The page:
Roughly 1,000 acres of forest will be leveled to make room for Myanmar refugees pouring into Bangladesh, officials have announced.
“Now the numbers have gone up by more than 100,000 and people are still coming. So, the government has to allocate 1,000 acres (400 hectares) of forest land,” Mohammad Shah Kamal, Bangladesh's secretary of disaster management and relief, said on Thursday.
The minister noted that the government already allocated 2,000 acres when the number of refugees was 400,000.
Once all the trees are toppled, aid workers plan to put up 150,000 tarpaulin shelters in their place.
During a press conference held in Cox's Bazar, the Bangladeshi government officially declared Rohingya refugees “forcefully displaced Myanmar citizens.”
"As per the decision of the Foreign Ministry, the state will identify Rohingya people as forcefully displaced Myanmar citizens. This identity will be assigned from today (Thursday)," said Bangladeshi Disaster Management Minister Mofazzal Hossain Chowdhury Maya.
According to the official registry, 61,000 Rohingya Muslims have taken refuge in the neighboring nation, with an additional 6,000 to 7,000 registering daily, the minister said.
More than half a million Rohingya have arrived from Myanmar’s western state of Rakhine since the end of August in what the United Nations has called the world’s fastest-developing refugee emergency.
Signs of stress from the refugee crisis have appeared across the country's natural environment, as the government continues to destroy acres of natural reservations to make room for refugee tents.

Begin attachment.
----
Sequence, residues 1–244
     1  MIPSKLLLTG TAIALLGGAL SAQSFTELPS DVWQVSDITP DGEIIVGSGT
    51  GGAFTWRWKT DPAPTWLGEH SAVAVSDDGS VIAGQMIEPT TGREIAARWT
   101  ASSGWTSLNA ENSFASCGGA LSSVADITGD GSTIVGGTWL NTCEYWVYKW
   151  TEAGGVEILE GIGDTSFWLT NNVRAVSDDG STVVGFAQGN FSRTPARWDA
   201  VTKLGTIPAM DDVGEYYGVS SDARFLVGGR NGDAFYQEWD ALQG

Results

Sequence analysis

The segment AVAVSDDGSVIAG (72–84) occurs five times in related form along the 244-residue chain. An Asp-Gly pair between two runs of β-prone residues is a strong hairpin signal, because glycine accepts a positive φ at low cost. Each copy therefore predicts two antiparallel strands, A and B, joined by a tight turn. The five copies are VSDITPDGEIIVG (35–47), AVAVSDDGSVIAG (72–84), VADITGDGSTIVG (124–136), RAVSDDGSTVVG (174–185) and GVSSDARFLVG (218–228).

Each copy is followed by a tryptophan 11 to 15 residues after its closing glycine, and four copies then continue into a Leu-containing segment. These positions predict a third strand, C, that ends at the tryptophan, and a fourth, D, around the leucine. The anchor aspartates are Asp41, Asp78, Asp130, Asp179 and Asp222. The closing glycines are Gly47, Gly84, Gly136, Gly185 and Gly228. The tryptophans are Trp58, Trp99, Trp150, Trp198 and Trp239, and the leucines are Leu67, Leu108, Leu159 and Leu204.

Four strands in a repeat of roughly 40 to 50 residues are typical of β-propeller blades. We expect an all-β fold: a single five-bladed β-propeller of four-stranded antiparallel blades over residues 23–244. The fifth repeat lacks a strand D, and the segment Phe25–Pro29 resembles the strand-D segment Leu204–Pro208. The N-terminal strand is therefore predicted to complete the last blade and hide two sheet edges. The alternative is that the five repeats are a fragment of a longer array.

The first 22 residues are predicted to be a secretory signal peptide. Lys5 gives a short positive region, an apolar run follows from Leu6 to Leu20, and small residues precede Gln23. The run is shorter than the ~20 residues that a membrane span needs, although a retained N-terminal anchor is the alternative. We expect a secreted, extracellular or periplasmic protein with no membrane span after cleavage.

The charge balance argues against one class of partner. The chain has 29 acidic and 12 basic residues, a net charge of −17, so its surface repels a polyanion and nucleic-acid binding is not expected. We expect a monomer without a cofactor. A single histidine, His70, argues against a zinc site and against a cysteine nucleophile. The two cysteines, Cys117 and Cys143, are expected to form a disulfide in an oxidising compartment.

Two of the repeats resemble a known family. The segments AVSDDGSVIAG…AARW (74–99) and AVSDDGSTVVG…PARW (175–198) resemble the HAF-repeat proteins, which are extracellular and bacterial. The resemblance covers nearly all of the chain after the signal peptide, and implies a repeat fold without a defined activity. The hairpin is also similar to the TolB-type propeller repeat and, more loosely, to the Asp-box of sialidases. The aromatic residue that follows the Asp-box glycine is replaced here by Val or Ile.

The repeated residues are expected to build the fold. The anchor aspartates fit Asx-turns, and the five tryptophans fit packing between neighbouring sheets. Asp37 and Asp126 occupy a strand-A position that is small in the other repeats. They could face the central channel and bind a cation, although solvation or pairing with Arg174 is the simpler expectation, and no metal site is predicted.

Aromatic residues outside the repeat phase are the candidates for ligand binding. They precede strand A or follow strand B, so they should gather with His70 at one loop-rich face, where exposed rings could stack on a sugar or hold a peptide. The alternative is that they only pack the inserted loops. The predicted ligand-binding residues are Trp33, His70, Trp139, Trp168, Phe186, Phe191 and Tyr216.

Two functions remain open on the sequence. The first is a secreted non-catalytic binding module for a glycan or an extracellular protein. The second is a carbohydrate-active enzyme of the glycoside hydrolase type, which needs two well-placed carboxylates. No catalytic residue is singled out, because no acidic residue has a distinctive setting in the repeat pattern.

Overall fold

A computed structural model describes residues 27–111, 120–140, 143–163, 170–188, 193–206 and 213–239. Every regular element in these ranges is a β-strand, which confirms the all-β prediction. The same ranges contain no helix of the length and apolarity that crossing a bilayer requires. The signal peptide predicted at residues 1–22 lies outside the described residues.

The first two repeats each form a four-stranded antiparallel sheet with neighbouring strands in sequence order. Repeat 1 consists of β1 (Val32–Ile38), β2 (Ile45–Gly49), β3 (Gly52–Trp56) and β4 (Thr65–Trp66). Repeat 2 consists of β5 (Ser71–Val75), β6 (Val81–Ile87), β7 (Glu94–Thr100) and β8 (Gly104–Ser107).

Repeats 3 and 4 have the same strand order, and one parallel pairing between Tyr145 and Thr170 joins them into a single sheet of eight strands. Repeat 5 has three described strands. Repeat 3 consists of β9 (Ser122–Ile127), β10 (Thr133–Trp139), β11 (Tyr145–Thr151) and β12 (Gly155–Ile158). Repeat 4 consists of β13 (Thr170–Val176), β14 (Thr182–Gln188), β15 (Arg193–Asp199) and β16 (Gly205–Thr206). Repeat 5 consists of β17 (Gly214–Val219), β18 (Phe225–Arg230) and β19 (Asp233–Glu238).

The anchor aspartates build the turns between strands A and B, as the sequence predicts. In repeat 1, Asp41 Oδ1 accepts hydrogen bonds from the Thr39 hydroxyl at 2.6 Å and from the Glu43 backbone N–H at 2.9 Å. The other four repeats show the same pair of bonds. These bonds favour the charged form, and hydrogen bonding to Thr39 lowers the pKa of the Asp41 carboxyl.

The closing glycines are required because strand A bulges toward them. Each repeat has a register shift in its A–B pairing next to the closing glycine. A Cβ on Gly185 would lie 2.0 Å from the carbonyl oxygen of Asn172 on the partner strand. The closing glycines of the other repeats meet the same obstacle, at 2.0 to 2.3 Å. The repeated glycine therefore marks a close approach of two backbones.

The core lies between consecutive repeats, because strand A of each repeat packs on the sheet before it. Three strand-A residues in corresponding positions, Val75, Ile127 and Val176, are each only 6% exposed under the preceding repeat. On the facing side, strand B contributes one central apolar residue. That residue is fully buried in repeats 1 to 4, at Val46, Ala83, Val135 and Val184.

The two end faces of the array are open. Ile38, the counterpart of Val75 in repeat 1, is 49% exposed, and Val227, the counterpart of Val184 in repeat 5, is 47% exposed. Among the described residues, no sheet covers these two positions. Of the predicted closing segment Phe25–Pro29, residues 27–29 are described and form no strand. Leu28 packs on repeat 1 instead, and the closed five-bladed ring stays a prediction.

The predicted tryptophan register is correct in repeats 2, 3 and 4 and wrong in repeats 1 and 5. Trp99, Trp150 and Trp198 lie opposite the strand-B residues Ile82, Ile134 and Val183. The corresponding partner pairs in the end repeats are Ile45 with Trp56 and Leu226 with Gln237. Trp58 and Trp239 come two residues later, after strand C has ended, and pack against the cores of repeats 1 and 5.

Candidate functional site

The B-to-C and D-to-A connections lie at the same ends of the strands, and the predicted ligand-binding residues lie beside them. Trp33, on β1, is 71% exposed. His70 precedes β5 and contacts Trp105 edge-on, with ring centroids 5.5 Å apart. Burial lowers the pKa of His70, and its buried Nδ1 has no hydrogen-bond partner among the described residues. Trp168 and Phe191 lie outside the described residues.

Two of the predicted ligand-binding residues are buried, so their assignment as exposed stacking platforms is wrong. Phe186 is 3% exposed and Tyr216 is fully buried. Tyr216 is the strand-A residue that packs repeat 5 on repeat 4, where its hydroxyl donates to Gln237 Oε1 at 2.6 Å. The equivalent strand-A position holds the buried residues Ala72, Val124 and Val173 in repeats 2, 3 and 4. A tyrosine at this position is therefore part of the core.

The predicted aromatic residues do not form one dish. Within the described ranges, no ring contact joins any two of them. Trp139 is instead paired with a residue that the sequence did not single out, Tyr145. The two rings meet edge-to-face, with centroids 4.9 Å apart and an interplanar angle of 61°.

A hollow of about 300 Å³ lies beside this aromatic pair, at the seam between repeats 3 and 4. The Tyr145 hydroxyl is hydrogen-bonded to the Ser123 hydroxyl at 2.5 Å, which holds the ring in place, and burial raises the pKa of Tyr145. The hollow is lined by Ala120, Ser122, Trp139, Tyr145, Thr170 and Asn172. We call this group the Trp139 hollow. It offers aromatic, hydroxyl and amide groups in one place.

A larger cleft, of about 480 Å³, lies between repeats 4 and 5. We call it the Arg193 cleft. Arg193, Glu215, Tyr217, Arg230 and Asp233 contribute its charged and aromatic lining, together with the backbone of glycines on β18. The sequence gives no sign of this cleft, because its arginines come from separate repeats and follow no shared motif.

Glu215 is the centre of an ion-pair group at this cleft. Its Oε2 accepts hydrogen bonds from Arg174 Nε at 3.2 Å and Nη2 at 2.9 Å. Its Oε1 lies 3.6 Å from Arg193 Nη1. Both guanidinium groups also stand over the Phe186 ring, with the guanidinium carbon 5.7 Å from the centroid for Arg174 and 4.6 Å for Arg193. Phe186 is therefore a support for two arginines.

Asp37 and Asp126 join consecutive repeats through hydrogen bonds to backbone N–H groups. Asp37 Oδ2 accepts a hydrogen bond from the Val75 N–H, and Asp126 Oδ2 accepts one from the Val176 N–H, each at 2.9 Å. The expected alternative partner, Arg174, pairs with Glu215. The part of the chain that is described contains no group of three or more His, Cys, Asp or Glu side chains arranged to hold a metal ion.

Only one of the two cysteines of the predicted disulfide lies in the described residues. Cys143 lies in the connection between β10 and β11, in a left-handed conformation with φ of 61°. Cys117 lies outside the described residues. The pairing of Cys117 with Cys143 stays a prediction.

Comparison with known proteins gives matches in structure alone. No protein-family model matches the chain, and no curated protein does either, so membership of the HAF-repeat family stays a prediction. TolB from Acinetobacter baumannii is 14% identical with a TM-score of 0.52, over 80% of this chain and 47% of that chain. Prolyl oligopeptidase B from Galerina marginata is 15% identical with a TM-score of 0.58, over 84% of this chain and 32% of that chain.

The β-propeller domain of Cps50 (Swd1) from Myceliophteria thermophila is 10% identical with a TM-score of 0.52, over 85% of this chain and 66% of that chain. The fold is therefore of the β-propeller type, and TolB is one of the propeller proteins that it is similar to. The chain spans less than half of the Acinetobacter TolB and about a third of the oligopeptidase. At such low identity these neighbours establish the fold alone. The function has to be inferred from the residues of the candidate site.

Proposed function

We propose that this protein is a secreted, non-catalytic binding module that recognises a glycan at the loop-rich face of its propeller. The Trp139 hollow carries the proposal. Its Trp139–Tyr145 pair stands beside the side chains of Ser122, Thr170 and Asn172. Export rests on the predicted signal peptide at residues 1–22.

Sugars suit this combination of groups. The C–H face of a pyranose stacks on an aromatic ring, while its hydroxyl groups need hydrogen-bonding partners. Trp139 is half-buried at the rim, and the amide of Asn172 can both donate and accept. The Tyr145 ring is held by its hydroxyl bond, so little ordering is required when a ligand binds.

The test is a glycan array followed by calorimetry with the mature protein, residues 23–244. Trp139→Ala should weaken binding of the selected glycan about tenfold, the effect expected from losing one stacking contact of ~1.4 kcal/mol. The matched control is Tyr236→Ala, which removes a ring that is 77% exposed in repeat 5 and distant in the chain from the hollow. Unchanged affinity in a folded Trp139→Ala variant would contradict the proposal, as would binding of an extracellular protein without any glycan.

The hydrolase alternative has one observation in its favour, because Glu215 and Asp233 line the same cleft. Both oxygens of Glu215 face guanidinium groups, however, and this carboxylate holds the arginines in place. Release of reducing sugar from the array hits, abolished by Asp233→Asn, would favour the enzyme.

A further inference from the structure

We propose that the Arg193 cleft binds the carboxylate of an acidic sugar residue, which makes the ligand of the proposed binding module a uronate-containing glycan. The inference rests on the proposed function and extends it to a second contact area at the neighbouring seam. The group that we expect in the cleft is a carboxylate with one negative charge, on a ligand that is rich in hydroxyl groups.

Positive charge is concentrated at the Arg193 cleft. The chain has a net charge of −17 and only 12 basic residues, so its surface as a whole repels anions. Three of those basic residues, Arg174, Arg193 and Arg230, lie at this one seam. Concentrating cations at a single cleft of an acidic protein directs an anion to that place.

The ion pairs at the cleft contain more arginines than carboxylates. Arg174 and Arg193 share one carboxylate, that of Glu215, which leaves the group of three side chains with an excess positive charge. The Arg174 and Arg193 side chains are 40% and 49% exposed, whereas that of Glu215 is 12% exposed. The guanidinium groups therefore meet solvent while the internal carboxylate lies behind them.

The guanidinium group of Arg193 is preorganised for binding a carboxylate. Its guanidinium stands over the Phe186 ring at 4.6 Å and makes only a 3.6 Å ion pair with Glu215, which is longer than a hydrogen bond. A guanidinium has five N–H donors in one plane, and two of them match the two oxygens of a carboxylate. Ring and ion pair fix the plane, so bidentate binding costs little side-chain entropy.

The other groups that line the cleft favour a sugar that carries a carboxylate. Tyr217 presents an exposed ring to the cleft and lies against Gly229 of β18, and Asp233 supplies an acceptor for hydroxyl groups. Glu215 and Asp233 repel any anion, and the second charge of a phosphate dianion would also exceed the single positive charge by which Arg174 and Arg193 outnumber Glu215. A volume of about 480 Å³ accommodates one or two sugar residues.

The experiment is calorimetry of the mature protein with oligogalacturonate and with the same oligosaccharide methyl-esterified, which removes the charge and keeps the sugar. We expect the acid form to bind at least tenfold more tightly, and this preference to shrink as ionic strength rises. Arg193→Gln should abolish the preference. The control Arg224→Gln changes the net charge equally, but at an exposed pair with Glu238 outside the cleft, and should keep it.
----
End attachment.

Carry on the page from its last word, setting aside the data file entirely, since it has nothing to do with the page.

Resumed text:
Animal experts say the temporary refugee camps have blocked natural migratory routes for around 50 wild Asian elephants and may cause their extinction during the winter months if the situation remains unchanged.
Calls from the World Wildlife Fund warn that human-elephant interaction generally lead to conflict and elephant raids.
Last week, two refugees were trampled to death by wild elephants and experts warn that more are sure to follow.
“The situation is very bad,” said Kazi Abdur Rahman, a senior official in the Bangladesh border district of Cox’s Bazar, where most of the Rohingya are settled.
In just one month, 4,500 acres of forest reserves were leveled in Ukhia, forest officials said.
According to Cox's Bazar Deputy Commissioner Md. Ali Hossain, due to the influx of migrants, the government has no other option without any other land at its disposal.
The mass exodus of Rohingya Muslims began after Myanmar security forces responded to Rohingya militants’ attacks on Aug. 25, launching a brutal crackdown that the United Nations has denounced as an ethnic cleansing.
Myanmar has rejected that accusation, insisting that the military action was needed to combat “terrorists” who had killed civilians and burnt villages.